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Facebook Timeline (facebook.com)
314 points by arnorhs on Sept 22, 2011 | hide | past | web | favorite | 176 comments

I'm amazed I'm the only one it seems that things this is pretty lame and not going to be that popular. People _already know_ your life story, that's usually why their your (at least close) friends. Do you really want to see your workmates "life story"?

For those that think this is genuinely going to be a good and popular thing, could you explain why? You probably all know much better than me, so I am interested to hear why people think this'll be popular (which they obviously do, looking at every other comment here!)

I guess it could be useful to turn Facebook into a dating site - is that the bit I'm missing?

Edit: To downvoters: I'm more than happy to accept I'm wrong, I'd just like to know why I am. Cheers.

I think this is more geared towards the narcissist in all of us. You read your own timeline, not your workmates'.

I hate to be a tin foil hat on this, but it really seems like a perfect way to get people to turn over even more personal/private information (especially the kinds they don't usually post in a day-to-day status update, like date of graduation, age, schools, etc) for Facebook to sell to advertisers.

Facebook doesn't sell anyone's data to advertisers - we let advertisers target ads based on certain criteria. I'm curious what makes you think we sell people's data? (I'm an engineer at Facebook.)

Perhaps I am generalizing too much - what I truly meant was this feature enables Facebook to have even more fine-grained criteria on which to sell ads.

Which criteria?

Criteria like age, location, education, interests etc. You can see the entire list when creating a Facebook ad: http://www.facebook.com/ads/create/. But the advertisers don't get to see what belongs to who, unless someone clicks on an ad, buys something and they backtrace all of that. They only target it.

Not a chance they would sell data, that would be a one-off! You want to "rent" access to the data clusters to advertisers without providing them ways to bypass you in the future!

Very, very good point. I don't know why I didn't think of this. Thanks!

I often receive friend requests from people who I have recently met through work, going out, friends of friends, etc.

It seems like it would be a good way for these people who know a little bit about me to quickly learn a little more about me.

The tragedy is that online profiles are becoming so efficient at conveying personal stories that there's nothing left to talk about face to face.

"I had a wonderful time at Yellowsto--"

"I know."

I experienced this when I first tried out online dating. One of my first dates felt more like our 3rd or 4th so it really was hard to break the ice.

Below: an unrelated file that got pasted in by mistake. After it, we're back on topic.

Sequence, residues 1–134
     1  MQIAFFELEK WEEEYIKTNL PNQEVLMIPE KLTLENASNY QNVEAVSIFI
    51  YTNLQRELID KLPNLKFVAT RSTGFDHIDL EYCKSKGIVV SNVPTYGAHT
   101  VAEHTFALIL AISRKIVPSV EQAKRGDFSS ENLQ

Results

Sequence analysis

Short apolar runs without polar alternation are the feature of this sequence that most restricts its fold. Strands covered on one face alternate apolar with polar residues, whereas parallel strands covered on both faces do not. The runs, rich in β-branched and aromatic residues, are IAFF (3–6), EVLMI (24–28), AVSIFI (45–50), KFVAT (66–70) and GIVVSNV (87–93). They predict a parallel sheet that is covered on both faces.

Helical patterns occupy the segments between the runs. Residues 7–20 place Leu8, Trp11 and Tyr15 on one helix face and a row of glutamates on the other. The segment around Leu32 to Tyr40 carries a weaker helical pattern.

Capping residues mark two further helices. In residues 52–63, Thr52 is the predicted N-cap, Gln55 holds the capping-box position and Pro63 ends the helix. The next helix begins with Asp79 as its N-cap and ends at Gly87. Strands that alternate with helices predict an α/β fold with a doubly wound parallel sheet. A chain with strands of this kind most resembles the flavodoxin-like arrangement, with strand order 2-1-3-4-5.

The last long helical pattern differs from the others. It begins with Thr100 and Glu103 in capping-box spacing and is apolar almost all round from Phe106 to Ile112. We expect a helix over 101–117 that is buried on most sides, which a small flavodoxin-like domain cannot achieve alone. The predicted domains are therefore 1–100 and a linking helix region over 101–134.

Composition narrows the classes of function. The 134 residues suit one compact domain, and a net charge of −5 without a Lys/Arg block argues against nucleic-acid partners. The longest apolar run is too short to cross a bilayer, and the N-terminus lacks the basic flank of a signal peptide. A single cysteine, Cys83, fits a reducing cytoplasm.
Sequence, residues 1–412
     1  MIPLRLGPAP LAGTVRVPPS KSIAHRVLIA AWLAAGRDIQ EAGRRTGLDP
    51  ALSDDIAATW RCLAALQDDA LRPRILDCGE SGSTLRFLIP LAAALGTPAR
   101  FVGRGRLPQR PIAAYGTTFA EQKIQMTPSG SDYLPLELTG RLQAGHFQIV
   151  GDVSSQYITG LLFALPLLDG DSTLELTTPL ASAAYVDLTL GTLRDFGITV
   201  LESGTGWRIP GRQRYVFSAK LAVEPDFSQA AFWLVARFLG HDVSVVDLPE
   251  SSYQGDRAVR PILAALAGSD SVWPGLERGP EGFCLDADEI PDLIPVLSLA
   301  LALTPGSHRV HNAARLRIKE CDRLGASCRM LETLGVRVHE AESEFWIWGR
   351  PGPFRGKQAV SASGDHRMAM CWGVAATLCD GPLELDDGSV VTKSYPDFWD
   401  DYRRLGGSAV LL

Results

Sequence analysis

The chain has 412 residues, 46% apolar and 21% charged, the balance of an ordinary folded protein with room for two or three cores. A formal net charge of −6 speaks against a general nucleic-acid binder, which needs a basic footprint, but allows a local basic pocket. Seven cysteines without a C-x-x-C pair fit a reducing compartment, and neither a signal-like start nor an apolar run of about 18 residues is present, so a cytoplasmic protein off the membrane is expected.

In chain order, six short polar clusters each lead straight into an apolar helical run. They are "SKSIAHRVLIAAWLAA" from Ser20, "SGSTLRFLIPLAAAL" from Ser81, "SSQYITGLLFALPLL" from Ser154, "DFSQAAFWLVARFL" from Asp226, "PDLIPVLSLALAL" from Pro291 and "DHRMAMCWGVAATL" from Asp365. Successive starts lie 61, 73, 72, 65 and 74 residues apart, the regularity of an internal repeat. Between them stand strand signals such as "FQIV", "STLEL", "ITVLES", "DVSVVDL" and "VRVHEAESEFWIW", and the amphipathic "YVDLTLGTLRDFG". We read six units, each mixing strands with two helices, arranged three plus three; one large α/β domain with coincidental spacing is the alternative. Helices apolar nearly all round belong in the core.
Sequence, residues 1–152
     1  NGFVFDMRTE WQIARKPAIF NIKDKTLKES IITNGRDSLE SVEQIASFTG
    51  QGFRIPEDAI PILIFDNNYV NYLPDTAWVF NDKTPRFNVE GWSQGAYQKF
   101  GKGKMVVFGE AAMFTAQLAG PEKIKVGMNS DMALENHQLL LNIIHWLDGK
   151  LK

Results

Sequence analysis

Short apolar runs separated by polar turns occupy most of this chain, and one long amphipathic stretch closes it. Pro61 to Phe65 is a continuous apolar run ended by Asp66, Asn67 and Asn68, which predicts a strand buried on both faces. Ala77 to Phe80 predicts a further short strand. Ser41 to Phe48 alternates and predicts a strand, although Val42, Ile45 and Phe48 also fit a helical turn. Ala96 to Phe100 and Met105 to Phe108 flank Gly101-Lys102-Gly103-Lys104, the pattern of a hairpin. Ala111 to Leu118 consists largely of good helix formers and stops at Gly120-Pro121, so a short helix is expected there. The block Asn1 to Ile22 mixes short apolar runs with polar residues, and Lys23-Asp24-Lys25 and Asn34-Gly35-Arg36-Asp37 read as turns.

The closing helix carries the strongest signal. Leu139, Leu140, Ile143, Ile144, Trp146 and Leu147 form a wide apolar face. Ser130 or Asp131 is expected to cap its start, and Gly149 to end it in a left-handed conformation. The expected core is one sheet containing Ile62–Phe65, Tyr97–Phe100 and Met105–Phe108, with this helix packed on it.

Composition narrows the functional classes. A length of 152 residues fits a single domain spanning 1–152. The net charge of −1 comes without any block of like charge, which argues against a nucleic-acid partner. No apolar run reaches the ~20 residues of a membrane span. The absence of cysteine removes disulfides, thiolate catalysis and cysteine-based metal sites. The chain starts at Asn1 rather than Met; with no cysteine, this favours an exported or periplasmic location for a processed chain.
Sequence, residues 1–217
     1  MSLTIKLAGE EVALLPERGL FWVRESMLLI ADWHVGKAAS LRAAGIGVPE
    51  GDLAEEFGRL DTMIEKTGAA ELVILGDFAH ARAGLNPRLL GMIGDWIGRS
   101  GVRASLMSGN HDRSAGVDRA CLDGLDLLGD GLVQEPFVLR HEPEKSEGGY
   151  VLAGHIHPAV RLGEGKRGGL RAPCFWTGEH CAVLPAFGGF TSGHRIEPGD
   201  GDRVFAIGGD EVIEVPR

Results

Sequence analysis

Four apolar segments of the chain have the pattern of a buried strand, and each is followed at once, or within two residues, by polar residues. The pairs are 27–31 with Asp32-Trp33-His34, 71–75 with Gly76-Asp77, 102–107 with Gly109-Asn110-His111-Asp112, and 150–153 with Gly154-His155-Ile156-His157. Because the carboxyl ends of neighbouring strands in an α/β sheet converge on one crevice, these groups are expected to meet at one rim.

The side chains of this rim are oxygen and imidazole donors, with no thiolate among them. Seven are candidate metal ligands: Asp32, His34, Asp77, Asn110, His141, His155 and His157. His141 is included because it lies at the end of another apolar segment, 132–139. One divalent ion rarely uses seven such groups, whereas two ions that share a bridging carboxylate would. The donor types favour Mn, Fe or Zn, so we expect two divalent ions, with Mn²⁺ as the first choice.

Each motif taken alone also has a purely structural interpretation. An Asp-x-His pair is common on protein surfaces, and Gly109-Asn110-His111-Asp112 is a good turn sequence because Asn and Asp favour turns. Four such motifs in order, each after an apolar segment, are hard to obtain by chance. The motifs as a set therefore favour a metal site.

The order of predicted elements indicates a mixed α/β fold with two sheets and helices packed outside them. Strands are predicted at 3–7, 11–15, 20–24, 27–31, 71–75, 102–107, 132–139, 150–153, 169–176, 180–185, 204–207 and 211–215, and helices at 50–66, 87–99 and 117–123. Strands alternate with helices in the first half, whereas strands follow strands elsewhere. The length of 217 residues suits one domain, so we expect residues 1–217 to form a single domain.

I took this to mean that before you met in real life, you researched the other person so intently you felt like you'd spent 2-3 evenings together (talking) already? Is that what you meant?

I dunno, in my experience OKCupid profiles (the best available online dating site the last time I was single) were just a thin veneer of bullshit designed to sell only the best qualities. Nothing wrong with that per se but I never felt like I learned anything real about a person other than a few facts sprinkled in here and there.

"In my experience OKCupid profiles (the best available online dating site the last time I was single) were just a thin veneer of bullshit designed to sell only the best qualities."

The same could be said about meeting people in real life.

No research. We just exchanged a few emails before we met.

I often have to have about 15 minutes of background talk when I meet someone about stuff I already know about them because I Googled them. Certainly I have to pretend I don't know all these things for the sake of not being awkward. :)

Agree and I probably wasn't clear in my original post. This does seem like a neatish feature, but (at least) some of the comments seem to make it sound like it's going to totally revive Facebook, which I can't see.

Any new feature has to be a good thing though, I didn't express that clearly (at all?) in my original comment.

I have to agree with you; I couldn't care less about this feature.

So true; I welcome the addition but I don't expect it to revolutionise Facebook!

Though I disagree that any new feature is a good thing :P

From my understanding, the timeline will feature your most recent activity and then summarize the rest of it. Therefore you only really drill down on the people you're interested in learning more about anyway. If it's just a random coworker, you'll focus on the above-the-fold recent activity.

It really makes sense to me... When you get down to the "show more" link at the end of a friend's profile what you really want is a summary of the important stuff beyond that. It actually reminds me of when you got the bottom of your feed on friendfeed and were presented with a "best of day" link.